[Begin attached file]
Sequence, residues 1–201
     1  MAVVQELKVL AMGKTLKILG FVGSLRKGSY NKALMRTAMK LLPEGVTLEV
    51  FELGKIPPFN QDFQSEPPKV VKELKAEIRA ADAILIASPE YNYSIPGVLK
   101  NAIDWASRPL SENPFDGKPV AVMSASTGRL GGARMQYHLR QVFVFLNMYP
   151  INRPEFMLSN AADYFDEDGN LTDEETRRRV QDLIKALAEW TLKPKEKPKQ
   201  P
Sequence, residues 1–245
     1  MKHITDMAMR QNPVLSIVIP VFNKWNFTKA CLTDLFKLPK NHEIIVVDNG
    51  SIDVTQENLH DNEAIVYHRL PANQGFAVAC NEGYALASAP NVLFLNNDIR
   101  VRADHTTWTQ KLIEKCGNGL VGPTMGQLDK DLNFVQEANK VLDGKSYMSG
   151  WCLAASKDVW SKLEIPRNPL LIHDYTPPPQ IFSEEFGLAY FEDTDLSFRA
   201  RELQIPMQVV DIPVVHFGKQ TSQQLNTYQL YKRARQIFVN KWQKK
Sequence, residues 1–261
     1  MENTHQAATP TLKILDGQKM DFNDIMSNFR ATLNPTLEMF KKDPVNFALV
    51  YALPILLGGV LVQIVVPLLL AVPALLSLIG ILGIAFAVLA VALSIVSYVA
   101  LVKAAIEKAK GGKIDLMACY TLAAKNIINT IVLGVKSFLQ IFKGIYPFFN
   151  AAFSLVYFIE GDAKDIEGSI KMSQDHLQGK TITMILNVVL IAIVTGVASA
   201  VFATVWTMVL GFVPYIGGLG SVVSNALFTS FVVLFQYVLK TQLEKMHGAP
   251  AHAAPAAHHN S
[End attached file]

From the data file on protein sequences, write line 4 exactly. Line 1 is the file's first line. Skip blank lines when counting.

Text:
   101  NAIDWASRPL SENPFDGKPV AVMSASTGRL GGARMQYHLR QVFVFLNMYP